Snow and ice are unusual in desert regions but not completely unknown.
Temperatures in deserts can drop dramatically overnight but any snowfall is usually melted early the following day.
In cases like those seen this month in Algeria, high pressure systems of cold air have moved over land to the deserts, causing lower temperatures.
Such anticyclones tend to reach Saudi Arabia by moving clockwise out from Central Asia, picking up moisture en route which cools to form snow.
January 2022 and 2021 saw snow come to the Sahara and Saudi Arabia but it is not the first time these usually blisteringly hot spots have been blanketed in white.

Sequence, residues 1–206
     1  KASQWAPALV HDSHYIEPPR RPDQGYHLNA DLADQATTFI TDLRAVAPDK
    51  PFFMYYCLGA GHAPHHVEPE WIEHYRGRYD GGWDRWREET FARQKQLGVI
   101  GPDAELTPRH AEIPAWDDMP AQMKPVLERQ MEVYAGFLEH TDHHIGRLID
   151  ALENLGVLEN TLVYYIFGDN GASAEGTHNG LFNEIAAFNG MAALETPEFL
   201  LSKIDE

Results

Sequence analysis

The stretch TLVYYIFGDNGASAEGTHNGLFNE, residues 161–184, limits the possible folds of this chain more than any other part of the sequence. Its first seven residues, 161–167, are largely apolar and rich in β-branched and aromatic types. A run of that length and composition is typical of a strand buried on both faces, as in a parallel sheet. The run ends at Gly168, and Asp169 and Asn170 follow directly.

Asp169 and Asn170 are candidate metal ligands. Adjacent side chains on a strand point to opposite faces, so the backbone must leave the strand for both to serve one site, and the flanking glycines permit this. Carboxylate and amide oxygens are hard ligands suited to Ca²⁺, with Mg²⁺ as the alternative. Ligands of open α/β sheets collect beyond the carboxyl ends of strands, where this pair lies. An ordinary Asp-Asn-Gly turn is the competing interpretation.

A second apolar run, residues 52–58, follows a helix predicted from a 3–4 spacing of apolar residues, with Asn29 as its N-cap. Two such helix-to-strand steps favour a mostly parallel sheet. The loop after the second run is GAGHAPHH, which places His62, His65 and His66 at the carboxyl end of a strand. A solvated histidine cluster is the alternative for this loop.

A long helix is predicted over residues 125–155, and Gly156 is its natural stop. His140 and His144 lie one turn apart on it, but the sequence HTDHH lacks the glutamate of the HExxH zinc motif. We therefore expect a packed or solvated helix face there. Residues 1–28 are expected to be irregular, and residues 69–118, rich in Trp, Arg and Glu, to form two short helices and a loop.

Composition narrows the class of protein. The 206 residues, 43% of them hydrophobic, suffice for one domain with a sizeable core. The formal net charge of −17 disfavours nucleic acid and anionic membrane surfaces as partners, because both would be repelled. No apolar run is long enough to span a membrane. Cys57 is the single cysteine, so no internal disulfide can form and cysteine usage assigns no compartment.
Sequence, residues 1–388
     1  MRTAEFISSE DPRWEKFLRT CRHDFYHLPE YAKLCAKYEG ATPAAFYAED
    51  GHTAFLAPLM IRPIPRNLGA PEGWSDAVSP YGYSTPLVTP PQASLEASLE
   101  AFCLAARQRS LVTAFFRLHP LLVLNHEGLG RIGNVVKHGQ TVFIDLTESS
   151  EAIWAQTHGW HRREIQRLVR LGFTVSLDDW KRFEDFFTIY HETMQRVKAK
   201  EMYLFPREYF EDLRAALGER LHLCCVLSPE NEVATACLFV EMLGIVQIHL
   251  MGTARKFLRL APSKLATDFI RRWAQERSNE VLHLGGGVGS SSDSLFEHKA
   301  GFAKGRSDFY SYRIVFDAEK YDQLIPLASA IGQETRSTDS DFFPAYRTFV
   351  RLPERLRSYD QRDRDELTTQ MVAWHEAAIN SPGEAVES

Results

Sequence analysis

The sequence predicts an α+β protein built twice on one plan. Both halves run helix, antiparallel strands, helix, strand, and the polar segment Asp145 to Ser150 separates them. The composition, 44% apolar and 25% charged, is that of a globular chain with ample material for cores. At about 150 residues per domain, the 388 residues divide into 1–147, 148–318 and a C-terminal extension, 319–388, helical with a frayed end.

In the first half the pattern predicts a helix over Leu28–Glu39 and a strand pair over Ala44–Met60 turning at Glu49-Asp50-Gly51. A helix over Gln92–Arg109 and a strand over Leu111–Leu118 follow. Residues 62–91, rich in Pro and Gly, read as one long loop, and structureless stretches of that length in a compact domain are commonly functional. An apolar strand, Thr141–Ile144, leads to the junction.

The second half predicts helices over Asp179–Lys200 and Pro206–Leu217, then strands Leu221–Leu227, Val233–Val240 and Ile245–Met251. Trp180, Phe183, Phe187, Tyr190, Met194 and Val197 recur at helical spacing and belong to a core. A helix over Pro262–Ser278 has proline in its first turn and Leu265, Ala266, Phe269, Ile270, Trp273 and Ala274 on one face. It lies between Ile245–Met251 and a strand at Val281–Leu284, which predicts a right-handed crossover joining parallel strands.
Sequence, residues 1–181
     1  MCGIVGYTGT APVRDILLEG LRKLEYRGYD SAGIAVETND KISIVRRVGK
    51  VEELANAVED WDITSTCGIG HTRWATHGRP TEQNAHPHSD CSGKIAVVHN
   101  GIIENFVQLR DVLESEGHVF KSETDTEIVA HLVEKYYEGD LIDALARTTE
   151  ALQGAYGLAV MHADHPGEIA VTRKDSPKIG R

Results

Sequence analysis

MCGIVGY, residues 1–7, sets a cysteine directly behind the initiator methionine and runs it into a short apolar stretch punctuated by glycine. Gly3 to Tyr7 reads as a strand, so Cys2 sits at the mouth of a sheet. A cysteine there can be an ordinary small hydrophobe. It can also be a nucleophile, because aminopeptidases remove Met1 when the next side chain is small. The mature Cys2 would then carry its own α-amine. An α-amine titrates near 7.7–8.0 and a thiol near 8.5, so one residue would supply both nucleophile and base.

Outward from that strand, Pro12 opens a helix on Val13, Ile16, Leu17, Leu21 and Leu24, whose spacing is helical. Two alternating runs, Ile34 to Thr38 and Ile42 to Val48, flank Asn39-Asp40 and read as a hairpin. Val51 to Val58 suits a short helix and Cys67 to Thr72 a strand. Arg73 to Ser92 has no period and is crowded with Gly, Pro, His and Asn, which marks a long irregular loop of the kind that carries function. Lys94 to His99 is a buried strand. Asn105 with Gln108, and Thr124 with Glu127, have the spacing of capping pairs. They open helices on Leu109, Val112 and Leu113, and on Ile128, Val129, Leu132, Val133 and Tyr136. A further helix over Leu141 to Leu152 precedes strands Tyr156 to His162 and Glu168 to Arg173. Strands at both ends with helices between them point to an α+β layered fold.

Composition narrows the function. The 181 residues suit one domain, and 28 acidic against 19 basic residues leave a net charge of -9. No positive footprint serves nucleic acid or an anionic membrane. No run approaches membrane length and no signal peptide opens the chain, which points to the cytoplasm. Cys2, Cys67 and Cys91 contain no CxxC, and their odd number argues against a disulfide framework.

In 2018, Ain Sefra was dusted in snow for the third time in 40 years.
The phenomenon has been noted in the town in 2021, 2018 and 2017, with the last recorded snowfall before that being in 1979.
Temperatures in the town usually range from 12C in January, the coldest month, to nearer to 40C in July.
While the Asir region of Saudi Arabia had its first snowfall in half a century last January, snow has hit elsewhere in the desert kingdom in recent years.
In 2020, temperatures dipped below freezing in the country’s mountainous northwestern regions including Tabuk, as a blizzard prompted officials to warn residents to keep warm.
A year earlier, snow fell in April.